After nearly a year, Thomas’s independent military force had grown to include four hundred Cherokee warriors and over five hundred White Highlanders; and, Thomas and his men decided that they could, and should, do more to support the Southern cause and offered to formally join the Confederate Army. Initially designated as a battalion, the term Legion was adopted because the unit combined cavalry, infantry, artillery, and even snipers and demolition experts. Thomas’s organization was controversial from the start, with some traditional Generals opposed to its bi-cultural composition and suggested that the White men and the Cherokee would not serve well together. Thomas however, convinced enough of the Generals that he knew his men and that they were, and would continue to be, an effective military unit; besides, he also knew the Confederates needed all the men they could get. He had expected his Legion to be assigned to continue guarding outposts and rail lines in North Carolina, and was surprised when the Confederate military staff, some say at the insistence of President Davis, asked Thomas to take his men into Tennessee where Union forces were beginning to have some success.  Thomas knew that his home area in North Carolina was, at the time, relatively safe from Union attack, so he agreed to lead his troops across the border; and quickly found himself facing U.S. Army forces at a place in Tennessee called Baptist Gap. To the surprise of some Confederate Generals, and perhaps the opposing Union commander, but certainly not to Thomas, the Legion held ranks in the brief battle and fought to what was probably a tactical draw, but by some accounts was a Confederate victory.

However, what happened next left Thomas, by now promoted to Major, with a public relations nightmare and put the very future existence of the Legion at risk!

After the fighting ended for the day at Baptist Gap, Thomas’s men learned that a popular young warrior had been killed and some of the angry Cherokee went back to the battlefield and scalped several dead Union soldiers. Thomas was horrified and immediately recognized that the intemperate retaliation would be condemned throughout the North and South by those both in the military as well as civilians. Under a white flag of truce, Thomas returned the scalps for proper burial to a Union Officer and apologized for both the act as well as for his failure to control his new troops. While the episode became known to the public at large through newspaper reports, most accounts included Thomas’s quick and contrite response, and the fall-out was minimized. One can surmise that there was, what is referred to today as a “sensitivity” training session for the Cherokee soldiers; because, after that one event, such desecration was never repeated.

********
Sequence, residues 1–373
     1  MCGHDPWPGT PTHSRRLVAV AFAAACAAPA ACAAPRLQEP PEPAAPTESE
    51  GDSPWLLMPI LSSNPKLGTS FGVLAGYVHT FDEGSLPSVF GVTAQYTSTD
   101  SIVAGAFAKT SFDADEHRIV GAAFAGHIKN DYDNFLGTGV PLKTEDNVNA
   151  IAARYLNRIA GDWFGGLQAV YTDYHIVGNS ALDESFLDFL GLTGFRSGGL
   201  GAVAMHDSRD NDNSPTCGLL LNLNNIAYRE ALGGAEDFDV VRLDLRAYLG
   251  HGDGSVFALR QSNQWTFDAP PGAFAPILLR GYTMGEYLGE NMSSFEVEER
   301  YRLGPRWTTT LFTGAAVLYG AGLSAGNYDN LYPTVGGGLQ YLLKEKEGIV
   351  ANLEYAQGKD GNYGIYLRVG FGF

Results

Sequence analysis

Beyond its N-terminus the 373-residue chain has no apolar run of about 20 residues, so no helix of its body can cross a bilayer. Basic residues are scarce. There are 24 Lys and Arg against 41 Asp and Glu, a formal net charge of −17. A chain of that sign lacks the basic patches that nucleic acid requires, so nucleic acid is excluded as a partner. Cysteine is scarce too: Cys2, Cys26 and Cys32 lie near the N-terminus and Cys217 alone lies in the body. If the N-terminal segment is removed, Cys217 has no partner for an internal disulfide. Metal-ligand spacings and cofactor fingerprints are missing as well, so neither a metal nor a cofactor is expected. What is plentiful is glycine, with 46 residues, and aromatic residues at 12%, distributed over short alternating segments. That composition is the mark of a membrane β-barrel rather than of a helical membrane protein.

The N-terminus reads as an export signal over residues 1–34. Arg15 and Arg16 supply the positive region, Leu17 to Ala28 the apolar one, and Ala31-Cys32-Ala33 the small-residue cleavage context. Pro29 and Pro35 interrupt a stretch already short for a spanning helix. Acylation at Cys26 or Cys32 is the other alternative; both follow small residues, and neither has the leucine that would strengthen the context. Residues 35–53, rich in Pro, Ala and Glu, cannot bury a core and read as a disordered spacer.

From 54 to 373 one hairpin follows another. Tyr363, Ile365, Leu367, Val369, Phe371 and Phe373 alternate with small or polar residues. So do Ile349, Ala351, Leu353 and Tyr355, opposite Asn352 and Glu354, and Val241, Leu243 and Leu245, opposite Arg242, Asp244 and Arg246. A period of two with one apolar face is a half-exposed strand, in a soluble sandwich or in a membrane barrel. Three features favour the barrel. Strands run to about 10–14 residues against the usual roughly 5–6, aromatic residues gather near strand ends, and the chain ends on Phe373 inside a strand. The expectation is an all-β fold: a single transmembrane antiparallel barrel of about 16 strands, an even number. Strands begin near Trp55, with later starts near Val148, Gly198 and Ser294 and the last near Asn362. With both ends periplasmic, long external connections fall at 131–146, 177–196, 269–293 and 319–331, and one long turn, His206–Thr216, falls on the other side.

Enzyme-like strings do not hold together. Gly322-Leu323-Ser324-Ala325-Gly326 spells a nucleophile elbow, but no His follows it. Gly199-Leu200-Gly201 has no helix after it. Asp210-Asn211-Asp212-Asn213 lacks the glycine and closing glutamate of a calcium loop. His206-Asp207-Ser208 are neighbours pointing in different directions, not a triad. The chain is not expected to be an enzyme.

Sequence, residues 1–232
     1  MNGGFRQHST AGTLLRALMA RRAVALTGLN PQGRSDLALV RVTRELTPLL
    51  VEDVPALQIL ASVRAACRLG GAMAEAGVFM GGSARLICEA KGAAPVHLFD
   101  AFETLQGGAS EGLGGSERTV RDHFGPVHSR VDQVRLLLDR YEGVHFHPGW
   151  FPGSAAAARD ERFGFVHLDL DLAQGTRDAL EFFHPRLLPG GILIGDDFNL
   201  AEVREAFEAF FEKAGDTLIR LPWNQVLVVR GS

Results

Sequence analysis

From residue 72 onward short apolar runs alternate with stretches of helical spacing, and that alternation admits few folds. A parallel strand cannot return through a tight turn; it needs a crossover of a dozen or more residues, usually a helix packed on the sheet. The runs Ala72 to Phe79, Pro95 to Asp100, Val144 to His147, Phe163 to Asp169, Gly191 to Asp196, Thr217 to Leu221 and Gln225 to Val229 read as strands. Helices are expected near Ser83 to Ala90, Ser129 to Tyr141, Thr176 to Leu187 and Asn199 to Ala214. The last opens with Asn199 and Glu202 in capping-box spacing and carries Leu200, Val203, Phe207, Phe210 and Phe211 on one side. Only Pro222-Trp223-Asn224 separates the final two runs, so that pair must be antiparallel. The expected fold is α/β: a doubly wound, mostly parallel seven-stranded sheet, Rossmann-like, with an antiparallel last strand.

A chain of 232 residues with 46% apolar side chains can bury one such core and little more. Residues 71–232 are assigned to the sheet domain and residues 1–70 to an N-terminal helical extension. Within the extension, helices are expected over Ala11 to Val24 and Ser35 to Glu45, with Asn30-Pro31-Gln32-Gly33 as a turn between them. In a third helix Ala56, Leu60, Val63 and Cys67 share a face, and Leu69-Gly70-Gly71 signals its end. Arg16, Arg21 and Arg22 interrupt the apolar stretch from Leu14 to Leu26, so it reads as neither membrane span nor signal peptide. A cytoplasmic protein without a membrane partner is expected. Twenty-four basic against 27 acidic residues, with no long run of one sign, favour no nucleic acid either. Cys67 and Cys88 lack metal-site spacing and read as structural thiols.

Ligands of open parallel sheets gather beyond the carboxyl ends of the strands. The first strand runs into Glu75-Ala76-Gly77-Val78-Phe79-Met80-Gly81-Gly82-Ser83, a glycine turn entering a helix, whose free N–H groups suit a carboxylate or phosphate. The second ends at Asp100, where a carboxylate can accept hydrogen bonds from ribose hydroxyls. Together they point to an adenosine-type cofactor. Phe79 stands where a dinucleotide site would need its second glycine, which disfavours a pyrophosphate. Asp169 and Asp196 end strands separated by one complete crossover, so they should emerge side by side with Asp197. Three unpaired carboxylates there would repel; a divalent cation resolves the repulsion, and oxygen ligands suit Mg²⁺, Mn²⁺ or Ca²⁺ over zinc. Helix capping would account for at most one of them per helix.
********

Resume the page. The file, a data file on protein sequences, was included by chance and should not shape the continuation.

That public relations episode aside, the Will Thomas Legion was a battlefield success story and they accomplished nearly every mission assigned by Confederate officials; and even were victorious in a few skirmishes which no one had ordered or expected. While most of their action came in Tennessee, they were given assignments in North Carolina and were once sent by Confederate Commanders into Virginia’s Shenandoah Valley (called the breadbasket of the South) to protect the Army’s food chain. The Legion was often cut off from any communication from other Southern units and would be on their own for an extended period between specific assignments; during which times, Thomas, by now promoted to Colonel, would engage in opportunistic attacks on Union supply trains, arsenals, and storehouses. Occasionally, he would receive an order with which he disagreed and would move his men toward an engagement of his own choosing. For disobeying such an order, Thomas was once ordered arrested by an indignant General but was quickly released when superior officers realized the Legion would not serve under any other officer except Will Thomas.

By early 1865, he began to realize the futility of the Confederate cause, but, he believed it was his duty to continue to lead his Legion in attacks against Union troops. However, his missions became more difficult because the casualties from three years of fighting had reduced the Legion to only about five hundred men, down from a peak of nearly two thousand. Further, he was so out of touch with Confederate officials that, in May 1865, by now back in North Carolina, he was still planning and executing attacks against Union forces; several weeks after the Capital city of Richmond had fallen, Robert E. Lee and other Generals had surrendered, Abraham Lincoln had been assassinated, and there was no functioning Confederate Government.

On May 8, 1865, unaware that the war was at an end, Colonel Thomas prepared to attack a Union staging area at Waynesville, North Carolina. The Legion’s five hundred remaining men were substantially less that the Union force which held the town; but Colonel Thomas had a plan! First, he sent a man in civilian clothes to assess the town’s fortifications and to spread the rumor that he had seen over a thousand Confederates in the surrounding hills. Then, on the night of May 9, Thomas had his men build hundreds of campfires in the hills around the town and then they yelled, screamed, and whooped all night, leading the Union commander to believe a very large force was about to attack the next morning. One Union soldier wrote later, “It looked as if the mountains were alive. Fires could be seen on every hill and the yells and war cries of the Cherokee made it impossible to think about anything, but what would happen when daybreak arrived”